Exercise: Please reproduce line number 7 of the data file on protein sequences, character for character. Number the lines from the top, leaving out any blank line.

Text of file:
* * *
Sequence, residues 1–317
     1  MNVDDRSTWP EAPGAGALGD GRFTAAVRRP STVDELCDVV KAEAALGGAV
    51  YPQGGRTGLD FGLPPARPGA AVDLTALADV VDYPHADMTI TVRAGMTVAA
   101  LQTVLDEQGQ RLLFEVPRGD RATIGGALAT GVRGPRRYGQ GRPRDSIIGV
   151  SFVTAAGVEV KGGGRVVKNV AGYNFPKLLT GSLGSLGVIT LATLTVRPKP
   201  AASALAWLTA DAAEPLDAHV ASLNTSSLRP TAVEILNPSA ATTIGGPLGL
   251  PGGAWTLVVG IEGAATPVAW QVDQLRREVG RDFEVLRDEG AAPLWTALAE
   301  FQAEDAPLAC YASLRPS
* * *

   251  PGGAWTLVVG IEGAATPVAW QVDQLRREVG RDFEVLRDEG AAPLWTALAE